Ash, on the other hand, comes in male and female varieties, so a homeowner can seek out a female tree if they’d like, he said.

Ragweed, plants, and grasses

Ragweed is another common allergen in the Las Vegas Valley. What is unique about it, Seggev noted, is that it produces pollens in the spring and the fall as well. The local species is similar to ragweed found in the Midwest and on the East Coast.

“It’s not the same ragweed as you find in the Midwest and East, but it is cross-reacting with the Midwestern ragweed,” Seggev said.

Seggev also found that non-native grasses like rye and Bermuda pose problems for some patients. For grasses, it’s a case of finding out if you are allergic to a specific one. Many will cross-react, but not all do, he added.

Sometimes, grasses can pose a problem because a homeowner may not know they are allergic to one. If they have pets, an animal may roll in grass outside. Then, when the homeowner has symptoms they think they are allergic to the dog or cat, only to learn after an allergy test that it’s the grass the animal plays in and brings indoors that’s the problem, Seggev also said.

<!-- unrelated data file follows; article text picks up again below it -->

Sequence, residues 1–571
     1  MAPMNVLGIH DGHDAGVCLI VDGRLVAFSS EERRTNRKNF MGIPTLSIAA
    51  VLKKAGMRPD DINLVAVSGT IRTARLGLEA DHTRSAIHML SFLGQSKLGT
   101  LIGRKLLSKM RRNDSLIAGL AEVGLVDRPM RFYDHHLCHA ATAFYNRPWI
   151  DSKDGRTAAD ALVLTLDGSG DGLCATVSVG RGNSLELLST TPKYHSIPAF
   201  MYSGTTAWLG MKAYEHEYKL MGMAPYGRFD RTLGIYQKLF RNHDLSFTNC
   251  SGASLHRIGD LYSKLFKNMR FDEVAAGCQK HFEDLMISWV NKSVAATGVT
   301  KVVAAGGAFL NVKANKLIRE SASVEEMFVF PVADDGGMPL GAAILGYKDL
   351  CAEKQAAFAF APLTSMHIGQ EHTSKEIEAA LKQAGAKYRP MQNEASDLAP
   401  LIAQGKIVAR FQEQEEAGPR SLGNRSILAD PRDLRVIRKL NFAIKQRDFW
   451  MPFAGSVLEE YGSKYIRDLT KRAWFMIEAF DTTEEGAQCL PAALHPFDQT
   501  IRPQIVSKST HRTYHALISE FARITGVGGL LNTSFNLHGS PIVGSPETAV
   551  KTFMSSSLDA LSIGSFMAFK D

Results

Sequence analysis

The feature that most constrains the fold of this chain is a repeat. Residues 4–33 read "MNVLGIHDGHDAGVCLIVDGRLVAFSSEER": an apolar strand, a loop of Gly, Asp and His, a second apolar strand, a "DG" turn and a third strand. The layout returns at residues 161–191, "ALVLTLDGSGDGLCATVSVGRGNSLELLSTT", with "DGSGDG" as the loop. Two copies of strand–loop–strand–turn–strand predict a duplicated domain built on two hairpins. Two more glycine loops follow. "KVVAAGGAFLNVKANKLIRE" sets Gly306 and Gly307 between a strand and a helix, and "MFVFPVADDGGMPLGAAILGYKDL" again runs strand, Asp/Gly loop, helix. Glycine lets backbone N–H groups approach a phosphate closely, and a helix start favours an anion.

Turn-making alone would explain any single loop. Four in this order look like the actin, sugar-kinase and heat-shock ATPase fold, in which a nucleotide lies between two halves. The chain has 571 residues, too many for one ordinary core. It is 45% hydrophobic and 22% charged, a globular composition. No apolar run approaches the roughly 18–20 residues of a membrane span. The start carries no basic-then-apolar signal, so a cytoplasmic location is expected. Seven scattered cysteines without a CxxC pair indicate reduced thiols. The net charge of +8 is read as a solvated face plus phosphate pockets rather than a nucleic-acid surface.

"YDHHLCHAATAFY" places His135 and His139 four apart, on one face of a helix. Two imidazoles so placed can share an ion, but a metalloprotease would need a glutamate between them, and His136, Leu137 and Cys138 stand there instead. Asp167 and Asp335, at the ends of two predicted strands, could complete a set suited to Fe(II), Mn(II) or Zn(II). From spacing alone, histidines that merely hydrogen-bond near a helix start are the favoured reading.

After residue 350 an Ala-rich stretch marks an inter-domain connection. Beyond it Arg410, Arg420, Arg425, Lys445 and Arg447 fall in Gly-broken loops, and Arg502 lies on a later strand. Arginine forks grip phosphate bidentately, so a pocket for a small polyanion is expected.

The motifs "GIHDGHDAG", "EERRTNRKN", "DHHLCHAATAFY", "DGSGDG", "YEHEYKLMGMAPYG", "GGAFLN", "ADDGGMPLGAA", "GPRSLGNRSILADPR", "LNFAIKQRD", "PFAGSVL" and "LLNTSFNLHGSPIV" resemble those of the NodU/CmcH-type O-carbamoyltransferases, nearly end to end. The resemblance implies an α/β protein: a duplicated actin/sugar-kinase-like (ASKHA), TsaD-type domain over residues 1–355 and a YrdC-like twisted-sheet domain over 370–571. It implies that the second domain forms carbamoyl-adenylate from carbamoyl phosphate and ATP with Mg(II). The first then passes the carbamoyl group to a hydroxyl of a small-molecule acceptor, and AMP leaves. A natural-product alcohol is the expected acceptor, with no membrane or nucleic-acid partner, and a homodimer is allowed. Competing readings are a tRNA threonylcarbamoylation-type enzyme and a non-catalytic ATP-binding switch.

Wind pollinators, tips to avoid problems

Secinaro says it’s important to understand which trees are wind pollinators, such as pine and mesquite.

“These trees pump a ton of pollen into the air in the hopes that some of the pollen will make its way to another tree nearby to pollinate it,” he said. “If I had allergy issues and if I was going to buy a plant and I wasn’t sure about it, I would look it up to see if it’s wind pollinated or not, and if it is I wouldn’t buy it. You can do a simple google search for that.”

Wind can also pose problems for allergy sufferers who may not be allergic to the most common problem trees or grasses, Secinaro added.

“If you’re in your yard … shrubs are going to have pollen on them that has landed there all spring long from everywhere else in town,” he said. “A lot of times people will go outside to trim shrubs and start sneezing; it’s not because of the shrub. It’s the pollen that landed on it from somewhere else.”

If you’re considering planting a tree or shrub, Tahir warns that some drought-resistant landscaping may still come from the ragweed family. She recommends doing your research before buying any plant or tree to understand what family it comes from. If you are highly sensitive to a certain category of plant, grass or tree, you may want to stay away from all varieties in that family.

People can be allergic to pollens from any tree, plant or grass, Seggev added, and you really don’t know until you are tested by a physician.

Seggev says a few things you can do around the house to minimize allergy symptoms include: reducing the amount of carpet in the home, if possible; using a nonionic air purifier in rooms; not sleeping with pets in the bed; and keeping windows and doors closed during the high pollen season.